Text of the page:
- I can view photos of the event in real-time …
Now, the benefit (the why). This gives the engineers context, tells them why they’re building what they’re building, and reminds them that an actor has a need or a problem to be solved.
- So that I can send an invoice to an editor based off word count
- So I can run on trails without music cutting out
- So I don’t feel left out of what’s going on
In each of these examples, a specific actor wants to do a specific action for a specific purpose. These user stories help the team understand the context for the work they’re doing, as well as retain empathy for the actor they’re building the functionality for.
User story acceptance criteria: The how
User stories not only express the who, what, and why, but also note acceptance criteria, or the criteria for how success for the unit of work will be measured (the how).
For instance, if a product manager is specifying that a freelance editor needs a word count, the product manager needs to specify what counts as a word. Do articles such as a/an count as words? How about punctuation? How about links?
Acceptance criteria are often what bring up the most discussion between product and engineering. Collaborating on acceptance criteria ensures that the product manager and engineers agree on the who, what, why, and how of a unit of work. It also ensures that both sides agree that the engineers have all the information they need to work on a piece of functionality that will truly provide value for the customer.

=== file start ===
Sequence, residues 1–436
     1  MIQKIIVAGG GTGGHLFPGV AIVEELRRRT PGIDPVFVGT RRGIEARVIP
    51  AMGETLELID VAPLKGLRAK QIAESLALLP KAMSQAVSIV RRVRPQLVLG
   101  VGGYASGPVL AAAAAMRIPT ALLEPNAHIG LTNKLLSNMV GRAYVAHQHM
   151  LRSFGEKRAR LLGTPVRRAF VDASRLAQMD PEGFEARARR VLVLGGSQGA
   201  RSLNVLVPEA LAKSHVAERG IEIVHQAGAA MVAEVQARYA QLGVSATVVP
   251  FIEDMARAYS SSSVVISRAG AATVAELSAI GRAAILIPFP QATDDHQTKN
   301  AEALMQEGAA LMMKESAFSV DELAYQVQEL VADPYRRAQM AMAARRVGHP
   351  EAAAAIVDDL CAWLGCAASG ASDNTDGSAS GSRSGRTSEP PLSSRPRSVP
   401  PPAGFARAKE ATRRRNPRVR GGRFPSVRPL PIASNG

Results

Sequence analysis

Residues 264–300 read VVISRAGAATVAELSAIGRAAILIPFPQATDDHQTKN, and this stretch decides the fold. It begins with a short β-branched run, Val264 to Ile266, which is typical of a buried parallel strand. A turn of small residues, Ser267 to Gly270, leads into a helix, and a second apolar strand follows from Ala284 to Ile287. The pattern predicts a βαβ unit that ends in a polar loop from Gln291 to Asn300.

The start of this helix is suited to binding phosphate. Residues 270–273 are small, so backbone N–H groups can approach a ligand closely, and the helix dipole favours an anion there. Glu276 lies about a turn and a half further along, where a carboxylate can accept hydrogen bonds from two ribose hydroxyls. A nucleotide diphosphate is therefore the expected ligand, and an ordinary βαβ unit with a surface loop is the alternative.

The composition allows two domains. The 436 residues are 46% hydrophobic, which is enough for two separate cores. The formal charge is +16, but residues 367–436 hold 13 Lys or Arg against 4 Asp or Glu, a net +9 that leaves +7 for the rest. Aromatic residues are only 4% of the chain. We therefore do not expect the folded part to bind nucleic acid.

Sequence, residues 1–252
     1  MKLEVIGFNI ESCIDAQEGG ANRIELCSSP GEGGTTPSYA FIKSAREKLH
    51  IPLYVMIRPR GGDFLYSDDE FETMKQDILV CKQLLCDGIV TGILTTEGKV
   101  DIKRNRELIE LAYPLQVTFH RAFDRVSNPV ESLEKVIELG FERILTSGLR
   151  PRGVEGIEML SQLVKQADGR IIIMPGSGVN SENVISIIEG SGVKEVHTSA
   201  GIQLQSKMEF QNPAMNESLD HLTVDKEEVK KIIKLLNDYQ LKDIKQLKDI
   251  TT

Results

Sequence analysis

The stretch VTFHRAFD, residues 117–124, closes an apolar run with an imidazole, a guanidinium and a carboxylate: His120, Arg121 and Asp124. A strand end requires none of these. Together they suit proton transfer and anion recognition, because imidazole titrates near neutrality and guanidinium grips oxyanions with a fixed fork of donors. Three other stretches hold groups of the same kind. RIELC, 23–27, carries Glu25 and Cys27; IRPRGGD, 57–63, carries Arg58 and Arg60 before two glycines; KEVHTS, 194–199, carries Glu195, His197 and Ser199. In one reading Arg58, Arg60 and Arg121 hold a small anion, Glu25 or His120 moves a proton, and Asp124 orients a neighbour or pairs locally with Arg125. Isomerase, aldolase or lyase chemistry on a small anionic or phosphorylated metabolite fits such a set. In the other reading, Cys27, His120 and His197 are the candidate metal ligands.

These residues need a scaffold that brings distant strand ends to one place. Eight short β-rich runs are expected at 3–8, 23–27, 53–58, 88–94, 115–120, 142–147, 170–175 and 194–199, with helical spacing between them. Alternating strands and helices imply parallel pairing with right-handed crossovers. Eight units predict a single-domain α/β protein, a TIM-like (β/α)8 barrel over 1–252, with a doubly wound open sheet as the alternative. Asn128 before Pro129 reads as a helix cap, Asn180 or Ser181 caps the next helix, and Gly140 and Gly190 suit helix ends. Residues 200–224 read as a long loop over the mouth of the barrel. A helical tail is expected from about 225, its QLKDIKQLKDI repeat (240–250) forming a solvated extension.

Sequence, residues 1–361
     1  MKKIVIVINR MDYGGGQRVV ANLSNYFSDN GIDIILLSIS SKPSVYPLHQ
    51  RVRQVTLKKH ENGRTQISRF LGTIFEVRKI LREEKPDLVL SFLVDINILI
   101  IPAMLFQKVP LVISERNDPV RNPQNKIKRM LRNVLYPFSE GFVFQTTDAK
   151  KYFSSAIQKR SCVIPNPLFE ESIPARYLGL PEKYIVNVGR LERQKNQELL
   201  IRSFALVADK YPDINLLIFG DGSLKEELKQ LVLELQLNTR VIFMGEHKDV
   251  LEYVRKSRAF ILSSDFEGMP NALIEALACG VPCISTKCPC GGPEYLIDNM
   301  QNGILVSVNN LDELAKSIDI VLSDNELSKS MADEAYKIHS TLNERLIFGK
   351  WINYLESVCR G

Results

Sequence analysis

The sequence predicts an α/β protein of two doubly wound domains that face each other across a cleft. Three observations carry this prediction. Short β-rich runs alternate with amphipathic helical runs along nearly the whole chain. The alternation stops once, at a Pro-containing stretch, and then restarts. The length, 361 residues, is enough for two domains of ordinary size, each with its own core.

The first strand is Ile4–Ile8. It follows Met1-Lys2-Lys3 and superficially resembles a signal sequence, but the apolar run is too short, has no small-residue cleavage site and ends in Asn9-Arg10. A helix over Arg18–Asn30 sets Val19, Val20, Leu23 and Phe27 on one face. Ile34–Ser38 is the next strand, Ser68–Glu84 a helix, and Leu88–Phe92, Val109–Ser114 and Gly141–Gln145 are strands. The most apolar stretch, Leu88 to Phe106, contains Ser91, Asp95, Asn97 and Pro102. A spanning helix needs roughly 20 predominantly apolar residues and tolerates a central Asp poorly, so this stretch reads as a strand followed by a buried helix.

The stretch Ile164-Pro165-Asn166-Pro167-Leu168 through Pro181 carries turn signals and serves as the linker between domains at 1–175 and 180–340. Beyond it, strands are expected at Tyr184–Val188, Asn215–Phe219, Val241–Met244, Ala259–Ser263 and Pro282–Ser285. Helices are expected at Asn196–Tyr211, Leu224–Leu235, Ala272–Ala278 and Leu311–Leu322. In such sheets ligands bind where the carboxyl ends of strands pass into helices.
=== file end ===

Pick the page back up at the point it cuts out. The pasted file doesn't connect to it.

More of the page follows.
SEE: Research: The rise of agile IT (Tech Pro Research)
How businesses can apply user stories to improve communication
The following steps are suggestions for how you might employ user stories.
- Understand your customers’ needs so that you can best prioritize the product feature, service, etc. that will provide value for them, and, in effect, for your business. Related: Create and sustain a customer focus within projects
- Brainstorm all of the tasks to be completed to provide that product feature, service, etc. Tip: Work with your team to compose this list.
- Write the user story for each task. Who will be performing this task, what will they be doing, and why do they want to do it? Tip: Keep your stories simple and concise so they can be finished in a short amount of time.
- Write acceptance criteria for each task. How will you measure that the user story actually provides value?
- Discuss the tasks, user stories, and acceptance criteria with your team. Allow room for conversation and for changing tasks, fleshing out user stories, and changing acceptance criteria.
- Determine a timeframe in which to finish the tasks. Tip: Try two weeks.
- Prioritize the tasks from most important to least important.
- Start working through the tasks from top to bottom.
Remember, a user story is not meant to be set in stone. Because user stories are objects to further communication between you and your team, they are malleable until the time the team starts work on them.